December 2010 - MONEY SMART

Timely updates and reminders on personal money management. Seeing to it that you always have the up-to-the-minute information you need to win the game.
December 27, 2010

Do you spend every raise you get? Do you spend a little bit more than you make on a monthly basis? About half of all families live at or above their means. The secret that every financially successful person knows is this: the key to turning family finances around is living below your means. Making this simple lifestyle choice is an essential step to controlling personal finances.

What exactly does that mean? Living below your means simply means living on less money than comes in each month and saving any extra money instead of spending it on an increased standard of living. The difference can be dramatic, especially if you are currently in debt. You don’t have to make a lot of money to do this, you just have to spend a little less than you make. Once you begin chipping away at your debt, you can begin to increase your ability to save money. You start to control your money instead of it controlling you.

It doesn’t have to be a well-kept secret. Live below your means, almost every financially successful person does.

December 13, 2010

Times are tough and the holidays are hectic. But I would like you to take the time this busy holiday season to consider something that I think is essential to your well-being, financial and otherwise. Giving.

Giving doesn’t have to be limited to money. A wonderful gift can be just to give a little of your time and attention. Maybe it’s just driving an old neighbor to the store to go shopping, or helping a kid with a school project.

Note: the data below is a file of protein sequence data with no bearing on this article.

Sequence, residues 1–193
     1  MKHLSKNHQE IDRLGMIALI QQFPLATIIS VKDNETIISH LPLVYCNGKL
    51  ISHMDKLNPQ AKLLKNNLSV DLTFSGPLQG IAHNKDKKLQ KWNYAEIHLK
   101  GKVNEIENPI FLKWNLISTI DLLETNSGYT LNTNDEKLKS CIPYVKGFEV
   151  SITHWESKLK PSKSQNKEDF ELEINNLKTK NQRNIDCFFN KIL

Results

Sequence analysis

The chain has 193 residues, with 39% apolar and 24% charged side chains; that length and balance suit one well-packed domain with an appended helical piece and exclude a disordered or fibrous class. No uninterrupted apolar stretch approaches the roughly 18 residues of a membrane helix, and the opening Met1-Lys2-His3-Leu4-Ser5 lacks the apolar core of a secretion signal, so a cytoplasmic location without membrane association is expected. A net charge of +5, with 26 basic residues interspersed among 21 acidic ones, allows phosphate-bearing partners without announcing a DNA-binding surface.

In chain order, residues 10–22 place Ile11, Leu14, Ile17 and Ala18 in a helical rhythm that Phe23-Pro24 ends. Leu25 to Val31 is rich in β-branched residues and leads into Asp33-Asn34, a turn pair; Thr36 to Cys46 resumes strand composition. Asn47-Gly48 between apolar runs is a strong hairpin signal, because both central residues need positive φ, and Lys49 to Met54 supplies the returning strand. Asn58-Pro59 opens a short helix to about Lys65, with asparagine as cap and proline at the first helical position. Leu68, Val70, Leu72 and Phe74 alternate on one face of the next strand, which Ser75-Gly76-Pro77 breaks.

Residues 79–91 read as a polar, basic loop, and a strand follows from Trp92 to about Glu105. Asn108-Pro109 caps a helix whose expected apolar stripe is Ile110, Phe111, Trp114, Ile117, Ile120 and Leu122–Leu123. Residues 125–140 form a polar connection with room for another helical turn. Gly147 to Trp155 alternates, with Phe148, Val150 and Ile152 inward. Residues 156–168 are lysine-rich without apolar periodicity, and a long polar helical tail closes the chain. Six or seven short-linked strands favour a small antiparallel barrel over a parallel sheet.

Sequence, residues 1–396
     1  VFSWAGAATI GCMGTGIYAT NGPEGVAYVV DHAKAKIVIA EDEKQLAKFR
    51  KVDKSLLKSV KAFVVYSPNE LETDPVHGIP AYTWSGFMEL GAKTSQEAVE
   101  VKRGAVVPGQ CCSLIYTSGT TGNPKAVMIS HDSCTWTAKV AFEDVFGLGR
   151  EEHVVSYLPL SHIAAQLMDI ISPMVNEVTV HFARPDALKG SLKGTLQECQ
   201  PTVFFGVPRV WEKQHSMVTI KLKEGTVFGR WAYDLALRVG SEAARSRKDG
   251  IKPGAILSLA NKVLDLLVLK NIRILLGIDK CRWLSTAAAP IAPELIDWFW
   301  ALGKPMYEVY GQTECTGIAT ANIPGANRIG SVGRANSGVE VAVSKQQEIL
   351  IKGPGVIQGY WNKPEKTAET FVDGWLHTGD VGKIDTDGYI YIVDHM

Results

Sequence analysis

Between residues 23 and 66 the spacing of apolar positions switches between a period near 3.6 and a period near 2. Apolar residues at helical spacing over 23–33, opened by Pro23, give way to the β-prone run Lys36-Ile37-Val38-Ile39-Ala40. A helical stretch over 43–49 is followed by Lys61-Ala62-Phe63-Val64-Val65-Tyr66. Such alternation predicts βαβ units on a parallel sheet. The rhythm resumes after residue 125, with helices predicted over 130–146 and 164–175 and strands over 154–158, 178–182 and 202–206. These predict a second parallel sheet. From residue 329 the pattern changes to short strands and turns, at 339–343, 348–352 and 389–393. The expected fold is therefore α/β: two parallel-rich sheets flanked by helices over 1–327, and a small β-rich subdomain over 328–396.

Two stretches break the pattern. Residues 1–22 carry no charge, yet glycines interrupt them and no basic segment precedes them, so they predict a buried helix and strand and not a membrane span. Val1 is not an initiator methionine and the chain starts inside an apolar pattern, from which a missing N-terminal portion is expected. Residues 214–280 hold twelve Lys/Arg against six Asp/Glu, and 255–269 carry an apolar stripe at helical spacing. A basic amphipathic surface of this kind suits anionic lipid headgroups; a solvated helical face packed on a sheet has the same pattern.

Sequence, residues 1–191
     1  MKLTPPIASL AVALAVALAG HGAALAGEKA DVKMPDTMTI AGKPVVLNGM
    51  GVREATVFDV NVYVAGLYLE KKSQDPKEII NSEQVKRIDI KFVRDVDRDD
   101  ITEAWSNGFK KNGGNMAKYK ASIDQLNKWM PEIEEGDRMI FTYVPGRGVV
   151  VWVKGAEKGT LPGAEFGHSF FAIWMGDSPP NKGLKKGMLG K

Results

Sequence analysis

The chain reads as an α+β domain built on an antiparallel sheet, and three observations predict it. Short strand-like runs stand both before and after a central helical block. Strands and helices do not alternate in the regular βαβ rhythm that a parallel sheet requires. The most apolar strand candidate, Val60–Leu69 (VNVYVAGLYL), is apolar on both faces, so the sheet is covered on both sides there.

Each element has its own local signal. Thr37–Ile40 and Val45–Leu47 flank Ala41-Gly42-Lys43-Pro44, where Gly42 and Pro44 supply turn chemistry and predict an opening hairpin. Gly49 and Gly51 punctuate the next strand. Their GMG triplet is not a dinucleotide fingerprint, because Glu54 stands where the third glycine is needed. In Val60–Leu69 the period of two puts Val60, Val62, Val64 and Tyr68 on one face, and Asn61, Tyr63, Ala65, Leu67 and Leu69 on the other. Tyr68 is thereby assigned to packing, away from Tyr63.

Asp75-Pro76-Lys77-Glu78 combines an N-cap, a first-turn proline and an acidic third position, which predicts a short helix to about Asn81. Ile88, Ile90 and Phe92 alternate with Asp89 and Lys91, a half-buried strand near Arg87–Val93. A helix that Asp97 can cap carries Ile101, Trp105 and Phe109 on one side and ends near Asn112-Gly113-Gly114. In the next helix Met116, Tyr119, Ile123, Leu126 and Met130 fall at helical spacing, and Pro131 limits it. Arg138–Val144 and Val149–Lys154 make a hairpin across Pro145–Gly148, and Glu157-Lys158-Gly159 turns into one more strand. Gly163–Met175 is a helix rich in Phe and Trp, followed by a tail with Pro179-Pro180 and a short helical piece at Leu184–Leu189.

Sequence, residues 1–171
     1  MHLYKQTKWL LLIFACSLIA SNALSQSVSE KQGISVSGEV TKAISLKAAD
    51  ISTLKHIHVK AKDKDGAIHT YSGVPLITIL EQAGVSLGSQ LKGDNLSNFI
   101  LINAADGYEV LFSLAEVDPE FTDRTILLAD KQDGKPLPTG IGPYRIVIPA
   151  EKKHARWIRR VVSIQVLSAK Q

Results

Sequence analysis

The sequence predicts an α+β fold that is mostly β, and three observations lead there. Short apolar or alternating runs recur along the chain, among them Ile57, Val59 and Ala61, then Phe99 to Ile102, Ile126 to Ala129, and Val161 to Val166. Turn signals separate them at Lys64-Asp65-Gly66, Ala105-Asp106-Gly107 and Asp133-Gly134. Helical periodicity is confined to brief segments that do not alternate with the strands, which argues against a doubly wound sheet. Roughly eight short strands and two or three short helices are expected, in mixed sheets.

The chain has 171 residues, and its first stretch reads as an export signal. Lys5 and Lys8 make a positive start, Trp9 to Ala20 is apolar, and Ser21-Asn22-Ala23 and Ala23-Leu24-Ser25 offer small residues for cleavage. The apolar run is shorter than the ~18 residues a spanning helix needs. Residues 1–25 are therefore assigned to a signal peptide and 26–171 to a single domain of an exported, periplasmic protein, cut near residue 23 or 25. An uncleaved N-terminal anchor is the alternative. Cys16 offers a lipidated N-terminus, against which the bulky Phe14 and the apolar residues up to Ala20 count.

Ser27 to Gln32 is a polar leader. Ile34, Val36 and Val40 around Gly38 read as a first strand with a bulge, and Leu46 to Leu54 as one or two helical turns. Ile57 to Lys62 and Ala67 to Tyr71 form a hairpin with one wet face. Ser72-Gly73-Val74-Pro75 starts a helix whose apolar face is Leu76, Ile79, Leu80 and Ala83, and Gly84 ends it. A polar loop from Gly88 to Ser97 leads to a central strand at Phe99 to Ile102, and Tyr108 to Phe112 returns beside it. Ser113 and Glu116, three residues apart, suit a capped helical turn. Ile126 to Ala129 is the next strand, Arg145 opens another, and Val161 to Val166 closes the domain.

When you do, you’ll find an amazing thing happens. When you give, you get back all that you gave and more. Try it, and see for yourself. Many very wise people have learned this truth down through the ages and written about it. There are many popular books on this subject that you can read, or you can just try it for yourself and see the result.

Do, however, be cautious when donating to insure you really are making a difference. Don’t give money in response to a telephone solicitation. You are probably talking to a solicitation company employee and not someone who works for the charity. It is quite common for over 50% of your donation to go to the solicitation company as their fee.

Most importantly, don’t limit yourself to third parties. Help someone you know directly. Start with a couple of hours of your time or maybe just twenty bucks. See for yourself how great that feels and how you are rewarded many times over. Make it a regular occurrence and watch how the world gives back to you.

Whatever the option, put giving high on the holiday must-do list. Giving is better than receiving. Find out that wonderful truth this holiday season. You won’t regret it.

December 9, 2010

These have been hard economic times and people are asking, “How did this happen and why weren’t we warned?”

We are all looking at our money differently and, perhaps, more carefully. But the myth that “I need an expert to help me understand and manage my money” still exists.

I wrote Money Smart to dispel that myth and show you how to manage your money yourself, because you can do it better than the experts.